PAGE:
This is the mail archive of the
mailing list for the GCC project.
Re: gcc compile-time performance take 2
Andreas Jaeger wrote:
>Dara Hazeghi <email@example.com> writes:
>>well I had no idea the thread would spark a firestorm of debate (is flamewar
>>the correct term?). In any case there are a number of opinions about the
>>matter. My point (although it seems to now be submerged in a discussion of
>>what is acceptable development hardware) is that things have gotten slower. I
>>am not particularly optimistic that gcc 3.2 is going to be faster or equal in
>>this respect to gcc 2.95, and I think it is rather unrealistic to think so.
>>What I would like to see though, is some method of ensuring that gcc 3.2 is
>>not particularly slower, given the same optimizations, than gcc 3.1. To this
>>end, I think Andi Kleen's comments are right on the mark.
>>So my suggestion (again, as a non-developer, though a frequent user) would be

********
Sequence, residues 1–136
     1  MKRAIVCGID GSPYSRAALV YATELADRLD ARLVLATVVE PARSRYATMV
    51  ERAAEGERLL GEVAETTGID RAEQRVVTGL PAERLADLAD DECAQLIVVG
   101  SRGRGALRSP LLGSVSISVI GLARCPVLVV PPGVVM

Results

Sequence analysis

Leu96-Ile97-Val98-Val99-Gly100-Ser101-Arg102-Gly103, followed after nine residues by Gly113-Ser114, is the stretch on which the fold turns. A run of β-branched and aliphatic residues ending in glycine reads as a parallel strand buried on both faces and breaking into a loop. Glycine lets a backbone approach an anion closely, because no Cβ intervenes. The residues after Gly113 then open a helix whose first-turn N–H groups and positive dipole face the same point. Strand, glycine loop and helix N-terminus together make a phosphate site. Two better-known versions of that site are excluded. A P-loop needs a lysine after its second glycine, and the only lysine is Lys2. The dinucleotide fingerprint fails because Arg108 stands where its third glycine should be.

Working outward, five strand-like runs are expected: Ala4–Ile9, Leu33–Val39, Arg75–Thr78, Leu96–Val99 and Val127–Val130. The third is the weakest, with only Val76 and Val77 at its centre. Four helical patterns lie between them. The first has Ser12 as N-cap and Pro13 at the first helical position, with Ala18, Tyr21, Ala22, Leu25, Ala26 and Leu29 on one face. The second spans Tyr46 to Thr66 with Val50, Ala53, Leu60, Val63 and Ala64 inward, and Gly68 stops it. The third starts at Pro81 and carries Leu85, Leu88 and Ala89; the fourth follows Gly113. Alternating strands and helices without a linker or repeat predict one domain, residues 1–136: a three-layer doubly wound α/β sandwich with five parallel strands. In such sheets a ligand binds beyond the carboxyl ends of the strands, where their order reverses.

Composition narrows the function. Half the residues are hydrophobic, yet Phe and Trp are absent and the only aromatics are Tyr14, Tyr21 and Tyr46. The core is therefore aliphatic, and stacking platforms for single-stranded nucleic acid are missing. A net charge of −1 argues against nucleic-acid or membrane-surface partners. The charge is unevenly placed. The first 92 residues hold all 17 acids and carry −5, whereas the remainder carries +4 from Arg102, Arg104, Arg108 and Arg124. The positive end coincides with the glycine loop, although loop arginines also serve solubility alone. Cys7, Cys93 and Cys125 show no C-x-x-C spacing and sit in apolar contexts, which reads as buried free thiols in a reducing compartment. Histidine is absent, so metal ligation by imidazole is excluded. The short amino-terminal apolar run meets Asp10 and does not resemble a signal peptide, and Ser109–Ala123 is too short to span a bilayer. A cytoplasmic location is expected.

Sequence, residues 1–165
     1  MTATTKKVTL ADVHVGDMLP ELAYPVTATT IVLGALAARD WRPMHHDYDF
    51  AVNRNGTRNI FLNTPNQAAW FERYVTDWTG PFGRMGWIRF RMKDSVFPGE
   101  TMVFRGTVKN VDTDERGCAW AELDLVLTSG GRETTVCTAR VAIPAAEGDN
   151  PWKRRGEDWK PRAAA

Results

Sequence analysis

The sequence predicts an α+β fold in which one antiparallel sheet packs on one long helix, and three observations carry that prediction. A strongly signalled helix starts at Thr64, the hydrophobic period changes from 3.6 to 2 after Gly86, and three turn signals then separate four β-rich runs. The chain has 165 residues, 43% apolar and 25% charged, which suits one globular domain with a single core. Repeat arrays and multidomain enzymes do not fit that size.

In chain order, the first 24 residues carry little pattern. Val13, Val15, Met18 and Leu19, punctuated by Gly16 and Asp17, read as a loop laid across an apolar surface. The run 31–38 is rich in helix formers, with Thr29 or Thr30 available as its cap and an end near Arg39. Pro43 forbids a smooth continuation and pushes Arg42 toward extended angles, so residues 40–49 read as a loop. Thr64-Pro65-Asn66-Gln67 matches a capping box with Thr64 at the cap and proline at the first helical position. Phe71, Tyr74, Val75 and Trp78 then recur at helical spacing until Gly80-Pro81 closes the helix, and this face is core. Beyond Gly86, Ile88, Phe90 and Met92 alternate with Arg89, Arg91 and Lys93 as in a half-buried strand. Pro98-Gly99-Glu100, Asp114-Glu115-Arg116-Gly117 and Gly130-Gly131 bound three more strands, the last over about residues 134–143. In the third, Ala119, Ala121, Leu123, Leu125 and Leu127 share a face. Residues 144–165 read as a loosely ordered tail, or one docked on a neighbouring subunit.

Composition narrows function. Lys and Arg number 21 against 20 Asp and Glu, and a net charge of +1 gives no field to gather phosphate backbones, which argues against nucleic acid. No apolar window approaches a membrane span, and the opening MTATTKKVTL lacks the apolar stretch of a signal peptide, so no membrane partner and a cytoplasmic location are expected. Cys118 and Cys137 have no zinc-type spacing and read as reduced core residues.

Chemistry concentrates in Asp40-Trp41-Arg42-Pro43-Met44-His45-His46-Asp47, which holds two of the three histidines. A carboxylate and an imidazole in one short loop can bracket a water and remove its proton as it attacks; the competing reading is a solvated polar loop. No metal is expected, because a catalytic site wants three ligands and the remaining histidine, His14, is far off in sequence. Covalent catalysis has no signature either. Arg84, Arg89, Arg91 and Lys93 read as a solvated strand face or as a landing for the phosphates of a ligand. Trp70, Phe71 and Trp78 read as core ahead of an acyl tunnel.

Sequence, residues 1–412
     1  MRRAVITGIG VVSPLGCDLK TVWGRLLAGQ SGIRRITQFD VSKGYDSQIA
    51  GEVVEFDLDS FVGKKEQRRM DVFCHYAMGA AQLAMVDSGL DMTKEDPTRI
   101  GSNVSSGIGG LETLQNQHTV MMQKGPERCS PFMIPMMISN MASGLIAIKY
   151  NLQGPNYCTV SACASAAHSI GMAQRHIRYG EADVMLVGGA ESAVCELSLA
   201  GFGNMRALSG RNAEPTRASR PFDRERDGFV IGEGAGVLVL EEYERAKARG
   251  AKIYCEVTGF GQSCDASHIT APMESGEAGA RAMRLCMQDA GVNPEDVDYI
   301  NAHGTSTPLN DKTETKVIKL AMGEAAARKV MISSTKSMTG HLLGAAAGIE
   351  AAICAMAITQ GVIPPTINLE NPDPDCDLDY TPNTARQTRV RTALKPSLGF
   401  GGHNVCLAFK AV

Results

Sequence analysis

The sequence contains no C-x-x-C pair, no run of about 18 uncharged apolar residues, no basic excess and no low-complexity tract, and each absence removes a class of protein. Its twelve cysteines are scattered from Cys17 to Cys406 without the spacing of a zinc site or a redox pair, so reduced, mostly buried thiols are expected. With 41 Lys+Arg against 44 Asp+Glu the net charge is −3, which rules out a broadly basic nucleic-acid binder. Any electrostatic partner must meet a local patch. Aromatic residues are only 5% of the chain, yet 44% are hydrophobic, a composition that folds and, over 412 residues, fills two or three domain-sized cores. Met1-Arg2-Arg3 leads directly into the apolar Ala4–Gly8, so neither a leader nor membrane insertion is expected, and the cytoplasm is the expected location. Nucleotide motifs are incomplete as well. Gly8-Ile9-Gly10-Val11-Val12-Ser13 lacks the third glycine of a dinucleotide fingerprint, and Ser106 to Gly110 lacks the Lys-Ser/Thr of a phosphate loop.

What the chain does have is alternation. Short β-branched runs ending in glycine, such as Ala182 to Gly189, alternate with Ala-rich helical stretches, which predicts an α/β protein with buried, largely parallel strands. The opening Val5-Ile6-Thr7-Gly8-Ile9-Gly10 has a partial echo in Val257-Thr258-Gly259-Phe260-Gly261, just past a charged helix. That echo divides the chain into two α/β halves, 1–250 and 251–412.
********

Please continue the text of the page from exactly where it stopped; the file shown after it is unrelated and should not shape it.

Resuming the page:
>>to time the SPEC builds. Considering that Andreas Jaeger and Diego Novillo
>>are already building and running the benchmarks, it seems that a few tweaks
>>to the scripts in question would easily allow one to follow compile-time
>>performance on top of run-time performance.
>Jan Hubicka asked me last week to do this and yesterday evening I
>started enhancing my scripts to visualize:
>- the bootstrap time of GCC
>- the build time for each SPEC program
Very good! I hadn't expected quite a quick response. I look forward to
seeing those graphs! This is the great thing about gcc: you can actually
see it improving.
>Since a complete iteration takes half a day I haven't seen any results
>yet - and therefore hadn't planned to publish this yet. I'll look
>during the next days in changing all my graphs and fixing the problems
>yesterday's work encountered.
Not a problem. Thanks again to you and Jan, and keep up the great work!